News
News Home
Quick Bites
Exploradio
News Archive
News Channel
Special Features
NPR
nowplaying
On AirNewsClassical
Loading...
  
School Closings
WKSU Support
Funding for WKSU is made possible in part through support from the following businesses and organizations.

Metro RTA

Lehmans

Knight Foundation


For more information on how your company or organization can support WKSU, download the WKSU Media Kit.

(WKSU Media Kit PDF icon )


Donate Your Vehicle to WKSU

Programs Schedule Make A Pledge Member BenefitsFAQ/HelpContact Us
Education


Ohio's likely policy on use of seclusion will likely have few teeth
But the state Board of Education is considering a policy that makes it clear that seclusion and restraint is not a punishment
by WKSU's MOLLY BLOOM


Reporter
Molly Bloom
 
Brendon Spencer says his old public school, Crestwood Elementary in Mantua, used a spare office as an impromptu seclusion room. He says being ignored by teachers and taken out of class to "cool down" only made him more upset.
Courtesy of Molly Boom
Download (WKSU Only)
In The Region:

The state Board of Education is set to vote for the first time on whether Ohio schools should have to follow standard rules about the use of seclusion rooms. Ohio schools’ use of seclusion and restraint of children with disabilities has come under scrutiny in the past year after a joint investigation by the Columbus Dispatch and StateImpact Ohio found teachers sometimes use the rooms to punish children. StateImpact Ohio’s Molly Bloom reports the policy aims to balance the concerns of educators with the treatment of students with special needs.

BLOOM: What the state has in mind for seclusion rooms

Other options:
Windows Media / MP3 Download (3:21)


Morgan Linnabary was 8 years old when he was sent to a special school for children with behavior problems.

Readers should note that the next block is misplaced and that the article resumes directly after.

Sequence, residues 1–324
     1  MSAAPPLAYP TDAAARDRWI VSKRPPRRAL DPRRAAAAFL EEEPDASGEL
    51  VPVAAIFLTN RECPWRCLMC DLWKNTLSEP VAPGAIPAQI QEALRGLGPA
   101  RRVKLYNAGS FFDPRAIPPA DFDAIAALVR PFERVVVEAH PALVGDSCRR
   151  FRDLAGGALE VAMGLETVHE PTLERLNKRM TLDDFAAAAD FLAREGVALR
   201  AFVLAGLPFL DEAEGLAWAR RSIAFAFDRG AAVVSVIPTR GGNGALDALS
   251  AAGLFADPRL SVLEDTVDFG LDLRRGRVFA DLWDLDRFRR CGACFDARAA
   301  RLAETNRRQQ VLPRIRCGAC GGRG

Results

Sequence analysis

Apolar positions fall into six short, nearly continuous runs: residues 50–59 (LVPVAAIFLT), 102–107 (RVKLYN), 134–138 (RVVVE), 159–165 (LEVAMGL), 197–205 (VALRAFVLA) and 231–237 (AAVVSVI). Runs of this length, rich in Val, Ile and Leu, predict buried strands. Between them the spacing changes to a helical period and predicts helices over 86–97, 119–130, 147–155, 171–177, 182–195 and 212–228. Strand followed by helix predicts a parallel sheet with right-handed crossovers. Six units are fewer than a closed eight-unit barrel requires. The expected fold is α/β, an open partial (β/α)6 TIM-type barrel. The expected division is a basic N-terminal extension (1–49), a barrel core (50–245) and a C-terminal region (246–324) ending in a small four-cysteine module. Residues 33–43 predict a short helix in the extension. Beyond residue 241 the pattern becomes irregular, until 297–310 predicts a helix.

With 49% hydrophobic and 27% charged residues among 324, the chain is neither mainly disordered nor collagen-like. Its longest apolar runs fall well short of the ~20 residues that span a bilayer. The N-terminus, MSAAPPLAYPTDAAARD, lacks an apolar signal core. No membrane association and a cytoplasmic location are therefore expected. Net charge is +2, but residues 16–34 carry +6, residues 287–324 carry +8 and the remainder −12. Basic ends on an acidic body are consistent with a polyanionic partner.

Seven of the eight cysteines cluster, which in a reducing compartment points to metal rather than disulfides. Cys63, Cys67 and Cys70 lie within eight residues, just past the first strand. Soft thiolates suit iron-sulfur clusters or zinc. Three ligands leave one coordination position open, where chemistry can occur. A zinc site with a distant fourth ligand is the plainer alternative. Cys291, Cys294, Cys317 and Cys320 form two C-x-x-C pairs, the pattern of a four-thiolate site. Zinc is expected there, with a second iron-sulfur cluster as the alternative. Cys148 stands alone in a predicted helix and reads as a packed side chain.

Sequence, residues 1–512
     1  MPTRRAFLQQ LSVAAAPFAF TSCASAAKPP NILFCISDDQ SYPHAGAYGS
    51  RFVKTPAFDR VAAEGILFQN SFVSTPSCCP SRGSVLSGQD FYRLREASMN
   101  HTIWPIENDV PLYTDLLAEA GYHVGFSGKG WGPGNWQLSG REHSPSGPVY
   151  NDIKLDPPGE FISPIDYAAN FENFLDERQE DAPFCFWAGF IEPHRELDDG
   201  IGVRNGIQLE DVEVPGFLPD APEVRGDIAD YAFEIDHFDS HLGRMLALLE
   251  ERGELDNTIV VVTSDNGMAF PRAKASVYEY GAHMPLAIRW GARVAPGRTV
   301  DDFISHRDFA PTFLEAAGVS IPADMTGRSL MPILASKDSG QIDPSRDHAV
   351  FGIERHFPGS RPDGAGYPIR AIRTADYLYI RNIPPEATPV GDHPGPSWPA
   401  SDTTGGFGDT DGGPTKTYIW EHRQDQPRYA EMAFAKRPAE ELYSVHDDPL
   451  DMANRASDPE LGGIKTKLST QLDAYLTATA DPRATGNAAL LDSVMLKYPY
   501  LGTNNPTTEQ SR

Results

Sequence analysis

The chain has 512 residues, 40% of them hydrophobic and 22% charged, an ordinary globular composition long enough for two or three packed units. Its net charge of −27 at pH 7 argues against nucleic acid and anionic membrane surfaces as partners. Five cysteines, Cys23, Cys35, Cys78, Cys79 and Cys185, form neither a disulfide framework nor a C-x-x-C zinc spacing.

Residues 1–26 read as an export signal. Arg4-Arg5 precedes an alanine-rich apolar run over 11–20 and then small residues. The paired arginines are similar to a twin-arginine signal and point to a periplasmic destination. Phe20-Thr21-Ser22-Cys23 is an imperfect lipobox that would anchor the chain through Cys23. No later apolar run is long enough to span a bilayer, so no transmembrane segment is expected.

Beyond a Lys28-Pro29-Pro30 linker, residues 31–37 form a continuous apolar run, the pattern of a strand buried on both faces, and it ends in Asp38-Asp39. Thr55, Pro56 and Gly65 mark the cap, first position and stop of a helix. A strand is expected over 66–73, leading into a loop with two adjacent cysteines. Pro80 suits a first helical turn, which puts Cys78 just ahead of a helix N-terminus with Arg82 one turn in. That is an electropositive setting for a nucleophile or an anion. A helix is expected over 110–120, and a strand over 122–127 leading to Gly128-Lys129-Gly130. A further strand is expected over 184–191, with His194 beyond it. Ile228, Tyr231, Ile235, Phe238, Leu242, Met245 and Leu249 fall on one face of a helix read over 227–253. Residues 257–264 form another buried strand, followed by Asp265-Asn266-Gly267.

At the new school, when he mouthed off to teachers or got upset, he was sent to the isolation room: a plywood box inside a separate room down the hall. Morgan says it happened dozens of times. 

“It’s like ‘No, no just give me some time to calm down.’ And [they’d be] like, ‘No you’re going to isolation.’ They would not listen to your pleas of I can calm down if you give me some time,” he said. 

Officials at Morgan’s old school in Defiance County, Ohio, didn’t return our calls seeking comment. 

That’s not how seclusion rooms are supposed to be used. Experts say children are only supposed to be shut in the rooms if they’re a danger to themselves or others.  

Morgan says being shut in a seclusion room might have taught him not to mouth off to teachers. But it didn’t help him learn how to read, write, or do math. 

“If you got sent to isolation that halts the whole thing. Stops the whole process of the day,” he said. 

Limits on proposed seclusion limits
The new proposed state policy explicitly says seclusion can only be used in emergencies. It requires school staff to get training in teaching positive behaviors.

But it has some loopholes. 

The new policy would only apply to traditional public schools – not charter schools. 

And it could prevent the public from knowing whether schools are using seclusion and restraint properly. 

When a student is put in a seclusion room or is restrained by staff, schools would have to record it in that student’s file. But those records would be confidential. And the policy does not require schools to track how often they seclude or restrain students, or the reasons why. 

Lee Smith is a principal at Louisville Elementary School in northeast Ohio. He’s one of the school administrators waiting to see the final result of state policy discussions. 

Smith doesn’t use the term seclusion room.

Sensory vs. seclusion
His school has what he calls sensory rooms with padded walls, curtained windows, beanbag chairs on the floor and a sling that children can use as a hammock. The rooms do have doors and are used primarily for children with special needs.